Andrew Taylor

Before we can have a useful conversation about taking cultural enterprises or community arts efforts “to scale,” we need to define what we mean by that. “Going to scale” usually means serving more people in more places with the same service structure. But that can happen in a number of ways.

First, a single organization can successfully increase its reach or impact by expanding. Second, other individuals or organizations can replicate successful projects or programs to serve more people in more places, while the original organization remains much the same. Finally, you can scale through a hybrid of the two approaches above, where a successful program provider creates a “franchise” to license or sell or support multiple instances of the same program.

In the commercial world, scalability of a project or business has mostly to do with economics, and the interplay of fixed and variable costs (sorry, we have to go there…but I’ll be brief). It all begins with the fixed investment required to build the project or process…how big the machine or system or service network needs to be to launch.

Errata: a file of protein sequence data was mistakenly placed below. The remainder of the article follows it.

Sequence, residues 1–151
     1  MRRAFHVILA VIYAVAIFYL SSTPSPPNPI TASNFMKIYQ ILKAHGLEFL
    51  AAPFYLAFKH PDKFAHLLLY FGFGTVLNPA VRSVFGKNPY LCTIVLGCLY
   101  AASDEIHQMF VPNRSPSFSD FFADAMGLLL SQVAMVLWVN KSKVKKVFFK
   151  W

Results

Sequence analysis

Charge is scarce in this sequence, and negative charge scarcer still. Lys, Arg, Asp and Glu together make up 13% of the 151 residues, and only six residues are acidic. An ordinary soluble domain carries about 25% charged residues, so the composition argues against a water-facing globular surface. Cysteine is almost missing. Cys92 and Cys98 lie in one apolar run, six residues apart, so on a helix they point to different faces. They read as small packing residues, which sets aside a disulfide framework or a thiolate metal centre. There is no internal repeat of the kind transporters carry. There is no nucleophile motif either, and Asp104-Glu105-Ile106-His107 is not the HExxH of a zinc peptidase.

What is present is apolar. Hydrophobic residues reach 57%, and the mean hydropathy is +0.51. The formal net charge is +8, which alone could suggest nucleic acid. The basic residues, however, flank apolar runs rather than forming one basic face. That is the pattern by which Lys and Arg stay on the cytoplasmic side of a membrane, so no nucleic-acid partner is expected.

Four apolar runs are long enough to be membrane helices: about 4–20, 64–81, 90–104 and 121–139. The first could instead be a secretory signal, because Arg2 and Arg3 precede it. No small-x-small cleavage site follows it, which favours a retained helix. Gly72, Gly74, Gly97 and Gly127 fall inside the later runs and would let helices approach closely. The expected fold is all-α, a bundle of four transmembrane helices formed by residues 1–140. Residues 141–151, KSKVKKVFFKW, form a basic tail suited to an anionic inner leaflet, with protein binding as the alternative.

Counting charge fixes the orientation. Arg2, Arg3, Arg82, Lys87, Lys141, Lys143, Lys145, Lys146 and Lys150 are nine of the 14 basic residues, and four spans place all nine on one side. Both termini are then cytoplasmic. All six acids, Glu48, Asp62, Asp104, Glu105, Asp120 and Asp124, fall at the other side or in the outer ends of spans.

After that, it’s all about incremental revenue. Projects can scale if the incremental revenue from additional users is large enough to surpass the fixed costs quickly, and leave them in the dust (the customer pays you $10 and they only cost you $1, for example). When incremental revenue is slim (customer pays you $10, but cost you $9 to serve), a project can’t capture its fixed costs quickly, can’t surpass those fixed costs dramatically, and therefore can’t scale very well. Read the rest of this entry »

Economies and Diseconomies of Scale in the Arts

Posted by Ian David Moss On December - 4 - 2012

Ian David Moss

How does scale influence impact in the arts?

In 2007, back when I was a fresh-faced grad student, I actually addressed this question head on in the eighth post ever published on Createquity. I argued pretty strongly that scale in the arts was a myth, or at least not salient to the same extent as in other fields:

“It’s not that I don’t think large arts organizations do good work, or that they don’t deserve to be supported. What I’m going to argue instead is that there is a tendency among many institutional givers to direct their resources toward organizations that have well-developed support infrastructure, long histories, and vast budgets, and in a lot of ways it’s a tendency that doesn’t make much sense (or at the very least, could use some balance).

For one thing, those well-developed support infrastructures don’t come cheap. Consider the case of Carnegie Hall… [snip]

In contrast, small arts organizations are extraordinarily frugal with their resources, precisely because they have no resources of which to speak. It’s frankly amazing to me what largely unheralded art galleries, musical ensembles, theater companies, dance troupes, and performance art collectives are able accomplish with essentially nothing but passion on their side.